Tuesday, July 11th, 1905 at 3:30 rounding a long sandy point with flags flying came in view of post – lining the canoes up we moved on abreast to the landing at Osnaburg – landing at 4:30 pm. We were received by Mr. Williams, the Agent, and at once proceeded to shake hands with the Indians who had assembled for the purpose of meeting the Commissioners shortly afterwards – a conference with the following leading Indians was held in one of the Agents rooms –
Missabay – Chief (blind)
Mr. D.C. Scott having stated the object of our coming [sic] so long a distance to meet them, thro’ Jim Swaine as Interpreter and having ordered a feast similar to that held yearly – the Indians departed – shortly afterwards sending word thro’ the Agent Mr. Williams – that they that [sic] they would give a reply the following morning.
Wednesday 12th Camp No. 10 at 12 pm The H.B. Bell tolled announcing the feast was prepared, Chief Massabay accompanied by the leading men of the Band approached the H.B. House (Agents) being requested to take seats, and asked if they had anything to say – Chief Massabay said “Whatever you say we will do, Mr. Scott thanked them and asked if they were ready to sign the Treaty, which they did by making their mark, departing immediately after to the “Feast Ground” in front of H.B. store where the Band encircled the complete supply of provisions afforded for the occasion. Massabay the blind chief, moving up and down on the plank walk crossing part of ground, delivered an oration to which the Band listened attentively, the pith of his speech being that the white men were their friends, were good, had assisted them giving money and land for their benefit, that the H.B. was good to them and that they could not get along without the white men, they must be good and obey the laws, they were poor and needed assistance and could only expect help by proving themselves good. At the conclusion of the Chiefs address the Band seemed to thoroughly enjoy the Feast prepared for them.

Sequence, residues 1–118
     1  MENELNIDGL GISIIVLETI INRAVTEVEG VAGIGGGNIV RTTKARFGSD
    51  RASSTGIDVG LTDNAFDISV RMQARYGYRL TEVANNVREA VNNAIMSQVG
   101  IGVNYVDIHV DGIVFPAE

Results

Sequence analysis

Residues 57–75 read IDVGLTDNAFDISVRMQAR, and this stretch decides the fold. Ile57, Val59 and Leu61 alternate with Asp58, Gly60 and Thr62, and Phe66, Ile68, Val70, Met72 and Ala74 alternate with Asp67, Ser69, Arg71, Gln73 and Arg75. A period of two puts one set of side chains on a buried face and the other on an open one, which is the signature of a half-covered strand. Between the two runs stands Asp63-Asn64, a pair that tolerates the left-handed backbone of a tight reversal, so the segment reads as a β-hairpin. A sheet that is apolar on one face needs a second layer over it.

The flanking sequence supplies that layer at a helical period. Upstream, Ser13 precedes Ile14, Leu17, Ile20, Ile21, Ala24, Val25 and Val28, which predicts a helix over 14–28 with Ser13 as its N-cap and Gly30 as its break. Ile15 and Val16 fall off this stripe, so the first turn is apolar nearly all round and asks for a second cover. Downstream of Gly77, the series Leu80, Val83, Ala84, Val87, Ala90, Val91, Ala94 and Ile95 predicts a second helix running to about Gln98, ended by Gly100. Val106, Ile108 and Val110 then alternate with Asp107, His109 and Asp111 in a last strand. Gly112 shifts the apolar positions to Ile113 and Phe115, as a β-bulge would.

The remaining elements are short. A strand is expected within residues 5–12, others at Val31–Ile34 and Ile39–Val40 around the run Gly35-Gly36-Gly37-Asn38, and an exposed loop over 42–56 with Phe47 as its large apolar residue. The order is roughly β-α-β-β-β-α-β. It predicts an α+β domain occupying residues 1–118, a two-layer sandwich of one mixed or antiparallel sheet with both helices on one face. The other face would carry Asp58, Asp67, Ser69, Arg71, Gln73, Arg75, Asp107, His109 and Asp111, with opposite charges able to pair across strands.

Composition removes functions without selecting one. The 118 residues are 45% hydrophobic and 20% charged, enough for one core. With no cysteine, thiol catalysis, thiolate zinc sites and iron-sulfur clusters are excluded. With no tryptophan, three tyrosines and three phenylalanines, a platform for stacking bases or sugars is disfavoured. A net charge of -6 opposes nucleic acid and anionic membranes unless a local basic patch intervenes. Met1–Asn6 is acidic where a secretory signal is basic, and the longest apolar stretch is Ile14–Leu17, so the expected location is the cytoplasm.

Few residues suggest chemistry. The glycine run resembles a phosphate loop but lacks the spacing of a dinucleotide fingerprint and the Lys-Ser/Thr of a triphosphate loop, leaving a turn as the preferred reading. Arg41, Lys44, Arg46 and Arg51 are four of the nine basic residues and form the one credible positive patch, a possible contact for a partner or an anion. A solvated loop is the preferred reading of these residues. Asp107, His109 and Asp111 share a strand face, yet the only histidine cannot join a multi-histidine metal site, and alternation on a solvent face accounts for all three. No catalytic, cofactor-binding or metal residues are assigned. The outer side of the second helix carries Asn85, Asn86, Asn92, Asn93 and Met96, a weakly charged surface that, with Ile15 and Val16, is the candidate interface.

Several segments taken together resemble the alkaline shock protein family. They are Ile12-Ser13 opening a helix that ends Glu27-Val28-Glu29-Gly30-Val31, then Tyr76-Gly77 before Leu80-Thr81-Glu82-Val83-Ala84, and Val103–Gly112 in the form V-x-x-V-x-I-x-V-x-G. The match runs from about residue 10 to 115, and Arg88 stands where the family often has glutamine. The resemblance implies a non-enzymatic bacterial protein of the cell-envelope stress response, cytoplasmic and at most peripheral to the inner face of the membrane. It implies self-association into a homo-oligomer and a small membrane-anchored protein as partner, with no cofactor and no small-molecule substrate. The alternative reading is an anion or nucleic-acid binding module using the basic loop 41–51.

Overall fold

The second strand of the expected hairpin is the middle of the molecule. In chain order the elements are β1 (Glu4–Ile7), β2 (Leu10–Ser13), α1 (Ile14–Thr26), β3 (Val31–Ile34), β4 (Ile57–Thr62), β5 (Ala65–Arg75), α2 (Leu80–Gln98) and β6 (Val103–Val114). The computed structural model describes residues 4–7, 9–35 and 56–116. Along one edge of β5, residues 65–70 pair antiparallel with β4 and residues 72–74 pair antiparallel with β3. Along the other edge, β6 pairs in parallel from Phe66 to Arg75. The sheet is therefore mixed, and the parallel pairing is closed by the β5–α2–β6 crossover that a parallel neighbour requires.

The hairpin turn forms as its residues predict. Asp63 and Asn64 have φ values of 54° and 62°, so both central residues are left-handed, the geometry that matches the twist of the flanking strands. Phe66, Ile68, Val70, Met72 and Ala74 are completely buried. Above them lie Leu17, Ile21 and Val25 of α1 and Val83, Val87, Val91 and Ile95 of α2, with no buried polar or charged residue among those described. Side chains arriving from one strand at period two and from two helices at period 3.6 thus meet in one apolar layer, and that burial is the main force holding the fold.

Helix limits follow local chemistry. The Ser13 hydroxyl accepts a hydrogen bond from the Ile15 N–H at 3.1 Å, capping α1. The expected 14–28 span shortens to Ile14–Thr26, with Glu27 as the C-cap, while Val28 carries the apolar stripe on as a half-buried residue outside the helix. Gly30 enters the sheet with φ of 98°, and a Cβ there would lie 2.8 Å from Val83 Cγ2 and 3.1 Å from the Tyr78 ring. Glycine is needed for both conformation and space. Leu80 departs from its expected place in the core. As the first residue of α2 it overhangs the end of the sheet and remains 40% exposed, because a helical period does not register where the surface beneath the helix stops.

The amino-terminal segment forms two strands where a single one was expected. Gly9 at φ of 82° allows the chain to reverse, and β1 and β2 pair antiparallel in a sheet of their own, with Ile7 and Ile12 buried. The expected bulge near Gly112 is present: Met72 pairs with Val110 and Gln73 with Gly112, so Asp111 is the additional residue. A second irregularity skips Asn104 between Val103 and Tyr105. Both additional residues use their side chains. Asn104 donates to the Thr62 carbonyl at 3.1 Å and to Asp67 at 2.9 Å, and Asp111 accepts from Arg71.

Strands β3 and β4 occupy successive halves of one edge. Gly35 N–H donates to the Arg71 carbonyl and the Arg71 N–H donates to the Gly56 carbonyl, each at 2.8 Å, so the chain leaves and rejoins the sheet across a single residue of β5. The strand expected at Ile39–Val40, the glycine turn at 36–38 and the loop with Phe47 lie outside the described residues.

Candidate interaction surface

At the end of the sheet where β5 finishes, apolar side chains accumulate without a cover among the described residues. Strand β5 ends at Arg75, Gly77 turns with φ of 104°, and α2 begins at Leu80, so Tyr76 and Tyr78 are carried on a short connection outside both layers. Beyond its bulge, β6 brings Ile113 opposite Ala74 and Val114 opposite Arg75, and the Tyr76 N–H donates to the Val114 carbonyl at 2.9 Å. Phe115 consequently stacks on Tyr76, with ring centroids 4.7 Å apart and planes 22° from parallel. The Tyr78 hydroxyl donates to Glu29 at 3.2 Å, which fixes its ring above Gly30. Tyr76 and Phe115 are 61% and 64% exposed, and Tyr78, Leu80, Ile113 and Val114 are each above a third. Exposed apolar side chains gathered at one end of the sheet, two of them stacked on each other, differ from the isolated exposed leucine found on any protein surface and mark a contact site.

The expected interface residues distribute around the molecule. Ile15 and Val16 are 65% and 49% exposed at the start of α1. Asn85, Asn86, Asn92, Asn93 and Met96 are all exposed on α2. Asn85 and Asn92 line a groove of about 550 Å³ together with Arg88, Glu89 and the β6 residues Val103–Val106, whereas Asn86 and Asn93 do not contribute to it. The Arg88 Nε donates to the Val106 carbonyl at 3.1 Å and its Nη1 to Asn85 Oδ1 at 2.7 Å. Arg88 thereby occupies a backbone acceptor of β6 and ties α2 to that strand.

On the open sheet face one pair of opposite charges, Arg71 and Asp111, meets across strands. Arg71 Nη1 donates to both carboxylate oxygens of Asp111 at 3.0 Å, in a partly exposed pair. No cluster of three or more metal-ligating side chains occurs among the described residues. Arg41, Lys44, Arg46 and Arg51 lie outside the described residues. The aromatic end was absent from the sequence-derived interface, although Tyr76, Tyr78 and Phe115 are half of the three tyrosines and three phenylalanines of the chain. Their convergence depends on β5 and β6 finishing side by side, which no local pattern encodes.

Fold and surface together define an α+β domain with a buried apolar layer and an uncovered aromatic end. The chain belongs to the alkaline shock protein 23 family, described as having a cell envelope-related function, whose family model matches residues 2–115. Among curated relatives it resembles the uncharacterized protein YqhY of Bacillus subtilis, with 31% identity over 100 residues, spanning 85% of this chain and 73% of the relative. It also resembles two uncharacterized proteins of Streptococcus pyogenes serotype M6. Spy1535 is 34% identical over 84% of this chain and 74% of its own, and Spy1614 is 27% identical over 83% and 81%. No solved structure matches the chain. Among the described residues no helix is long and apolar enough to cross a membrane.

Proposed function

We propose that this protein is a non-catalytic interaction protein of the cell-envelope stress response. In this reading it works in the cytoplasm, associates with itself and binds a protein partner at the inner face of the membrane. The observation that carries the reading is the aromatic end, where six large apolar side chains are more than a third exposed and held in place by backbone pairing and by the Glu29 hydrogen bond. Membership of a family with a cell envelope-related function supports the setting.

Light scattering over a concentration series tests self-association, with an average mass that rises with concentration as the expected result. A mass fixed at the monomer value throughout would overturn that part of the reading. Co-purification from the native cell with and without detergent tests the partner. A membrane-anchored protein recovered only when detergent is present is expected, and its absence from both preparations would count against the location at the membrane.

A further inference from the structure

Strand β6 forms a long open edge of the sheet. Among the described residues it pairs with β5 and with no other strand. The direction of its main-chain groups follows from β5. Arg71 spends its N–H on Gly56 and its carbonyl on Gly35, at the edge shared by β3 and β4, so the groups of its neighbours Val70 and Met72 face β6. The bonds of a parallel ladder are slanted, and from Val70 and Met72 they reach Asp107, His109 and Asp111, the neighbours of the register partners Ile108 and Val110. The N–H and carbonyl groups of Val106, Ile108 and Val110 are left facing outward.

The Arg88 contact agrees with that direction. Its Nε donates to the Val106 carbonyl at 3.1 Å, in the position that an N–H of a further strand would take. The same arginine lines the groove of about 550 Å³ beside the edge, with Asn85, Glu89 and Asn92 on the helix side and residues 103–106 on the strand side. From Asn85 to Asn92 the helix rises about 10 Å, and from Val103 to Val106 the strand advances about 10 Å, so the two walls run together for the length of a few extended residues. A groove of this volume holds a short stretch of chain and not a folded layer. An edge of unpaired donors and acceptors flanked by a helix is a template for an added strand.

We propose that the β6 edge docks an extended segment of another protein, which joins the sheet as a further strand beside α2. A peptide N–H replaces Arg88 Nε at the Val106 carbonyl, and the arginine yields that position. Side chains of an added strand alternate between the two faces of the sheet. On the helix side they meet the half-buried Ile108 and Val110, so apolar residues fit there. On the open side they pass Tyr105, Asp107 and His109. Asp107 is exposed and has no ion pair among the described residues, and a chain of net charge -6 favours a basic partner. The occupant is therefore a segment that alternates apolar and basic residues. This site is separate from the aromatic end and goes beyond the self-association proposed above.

At 2.30 p.m. the Indians were called up by Families and every man, woman, and child found eligible was given a present of $8. I carefully counted the no. in families and checked the pay list, at 7 pm just as payment was suspended for the day, the leading men of the Band advanced to the Dom. Comrs Tent and announced that they had chosen Massabay for Chief, George Wawaashkung and John Skunk as councillors, on being presented with a large Union Jack as promised and the usual hand shaking having taken place, left for their Tents evidently very much pleased; during the night, a very heavy thunder shower accompanied by high wind occurred and the Indians were seen to be moving their flag from place to place endeavouring to protect it from wind & storm.
Thursday 13th – Resumed paying the Indians this a.m. and closed up the pay lists at 12 pm during the morning the Chief and councillors present a conference was held re apportioning the respective Reserves and agreed that that part of the Band that hunted in Ontario should have the Reserve as follows –
In the Province of Ontario beginning at the Western entrance of the Albany River running westward a distinct estimated at four miles as far as the point known as Sand Point at the Eastern entrance of Pedlars Pass Bay following the shore of this point Southward and around it across the narrow entrance of a Bay to a point on east shore of the outlet of Paukunkee’Scapees, thence due south a total to comprise an area of twenty square miles and on the north shore – the following, in the North West Territory.